Social Network for Kids PixyKids Grabs $3M in Funding

Social networks aimed at kids aren’t a new concept. ScuttlePad and Togetherville, for example, have been attempting to provide social sharing environments for the under-12 crowd since 2010. But the team behind PixyKids, a new startup still in development, thinks there’s still plenty of room to make a significant impact in kid-focused social networking, and has secured $3 million in funding from ATA Ventures and other angel investors to help it achieve that goal.

The Menlo Park-based team includes ex-Googler Michael Adair as COO and former Disney executive Kristen Alexander as VP of Marketing. PixyKids is headed by Rajul Kadakia, an entrepreneur with a background in product design and business operations and development, who told BetaKit in an interview that the site will bring something the space is lacking – a space to share kid-created content not only with friends, but with family, too.

“There’s a need for kids to actually share their content, because they actually do create a lot of content,” Kadakia said. “What makes us unique is that we’re at the intersection of where Facebook meets Disney, Facebook being personalized user-generated content, with video and text chat, and also being an interactive app platform. From Disney, we take high quality interaction […] and sticky play patterns.”

Kadakia told BetaKit that where other sites just take the Facebook model and try to apply it to kids, PixyKids aims to incorporate more creative aspects, allowing its users to not just share content but use it to form the basis of games. For example, kids can make animations from submitted photos, or turn them into puzzles they can play socially with others.

Another way PixyKids is different is that it encourages parents and kids to sign up together. In order to help safeguard kids, the network provides registered parents with control over their kids’ access to content and connections – parents approve friend requests, not children, and parents also have to authenticate their identities using credit cards to prove they’re related to the kids using the service. “Parents know, just like in the real world, who their kids are interacting with online,” Kadakia says of the safeguards in place. “Dangerous elements can’t come in because the parents are approving connections. We’re also using moderation, including machine standards and human moderators, and there’s also a self-flagging mechanism so kids can help safeguard their own communities.”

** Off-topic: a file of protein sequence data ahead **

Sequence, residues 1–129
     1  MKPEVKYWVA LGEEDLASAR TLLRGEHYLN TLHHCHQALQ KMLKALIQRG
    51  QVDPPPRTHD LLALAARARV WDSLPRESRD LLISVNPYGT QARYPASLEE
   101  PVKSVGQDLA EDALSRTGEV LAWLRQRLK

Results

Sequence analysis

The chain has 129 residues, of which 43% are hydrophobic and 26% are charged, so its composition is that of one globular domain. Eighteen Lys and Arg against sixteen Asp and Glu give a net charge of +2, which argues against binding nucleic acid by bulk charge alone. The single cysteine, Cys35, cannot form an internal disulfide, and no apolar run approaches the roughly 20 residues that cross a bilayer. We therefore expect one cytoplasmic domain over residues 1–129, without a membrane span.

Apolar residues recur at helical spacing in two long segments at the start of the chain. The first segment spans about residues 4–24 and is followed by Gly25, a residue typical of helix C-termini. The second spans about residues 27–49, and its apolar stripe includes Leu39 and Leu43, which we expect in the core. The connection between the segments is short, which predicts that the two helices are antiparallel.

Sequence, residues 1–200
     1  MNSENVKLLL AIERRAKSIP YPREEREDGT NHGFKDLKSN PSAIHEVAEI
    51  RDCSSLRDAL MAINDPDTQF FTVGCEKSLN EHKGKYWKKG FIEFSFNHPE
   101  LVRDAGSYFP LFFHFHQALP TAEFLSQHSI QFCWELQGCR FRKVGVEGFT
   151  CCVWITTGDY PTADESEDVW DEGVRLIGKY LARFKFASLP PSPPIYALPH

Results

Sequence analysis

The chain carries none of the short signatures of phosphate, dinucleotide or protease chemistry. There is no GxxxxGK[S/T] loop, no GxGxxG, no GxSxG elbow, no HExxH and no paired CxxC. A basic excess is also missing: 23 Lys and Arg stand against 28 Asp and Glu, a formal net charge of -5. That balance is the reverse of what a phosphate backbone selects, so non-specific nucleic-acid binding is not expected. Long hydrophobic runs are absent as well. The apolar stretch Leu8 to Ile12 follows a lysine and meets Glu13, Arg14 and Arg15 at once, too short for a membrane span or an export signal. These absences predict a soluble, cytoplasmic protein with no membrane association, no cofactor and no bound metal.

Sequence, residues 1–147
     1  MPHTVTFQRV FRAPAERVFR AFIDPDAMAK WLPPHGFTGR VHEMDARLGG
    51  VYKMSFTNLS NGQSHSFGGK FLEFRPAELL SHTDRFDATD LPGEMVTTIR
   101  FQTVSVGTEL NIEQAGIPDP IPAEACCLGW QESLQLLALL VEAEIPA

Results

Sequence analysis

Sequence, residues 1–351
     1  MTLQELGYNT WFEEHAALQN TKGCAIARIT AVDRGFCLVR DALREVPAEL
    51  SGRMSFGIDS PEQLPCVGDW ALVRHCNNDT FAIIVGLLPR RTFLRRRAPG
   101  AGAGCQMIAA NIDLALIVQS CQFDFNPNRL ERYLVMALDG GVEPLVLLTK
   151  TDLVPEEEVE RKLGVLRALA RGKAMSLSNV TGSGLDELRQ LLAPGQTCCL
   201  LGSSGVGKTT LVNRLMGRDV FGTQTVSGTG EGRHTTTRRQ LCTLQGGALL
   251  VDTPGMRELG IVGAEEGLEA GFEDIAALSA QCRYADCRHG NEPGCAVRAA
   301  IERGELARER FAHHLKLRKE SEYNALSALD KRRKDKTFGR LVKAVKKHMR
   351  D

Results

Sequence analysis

Adair addressed PixyKids’ monetization strategy, which he said will allow parents to pay for value-added services in one of two ways. “We’re going with the strategies that are tried and true in the industry, which basically exist as subscriptions and as virtual goods,” Adair specified. “And then there’s also a gamification element… Kids upload a photo, or they post a comment or add a friend and those points can be used to buy virtual goods and other items.” Kadakia added that the company has also discussed the possibility of offering real-world rewards to further encourage on-site interaction down the road. It’s a possibility that could eventually help PixyKids add brand partners as another potential revenue stream.

PixyKids’ plan to essentially make the social network an app platform, by offering different games and activities through the site, could help it avoid one of the natural pitfalls of kid-focused startups: a limited life in terms of audience appeal. Targeting 6 to 12 year olds means that not only do you have to provide something that keeps kids constantly entertained, but also there’s a need to adapt to that audience as they undergo relatively dramatic changes. Kadakia pointed out that the built-in games and apps will allow the network to target different age groups and maturity levels with different content; she also says PixyKids’ can actually help kids migrate to more grown-up networks like Facebook once they reach the top end of the site’s target demographic.

In the end, Kadakia says that PixyKids will be about helping kids tell their own story through creative expression, in a way that lets parents and relatives be involved in that story-making process. It remains to be seen how well that approach will blend with gamification elements and revenue models that have previously succeeded for actual kid-focused games like Moshi Monsters, but PixyKids will have a chance to test its model when it launches in beta, which Kadakia expects to happen by the end of Q2 this year.

Photo credit: Ernst Vikne via photopin cc

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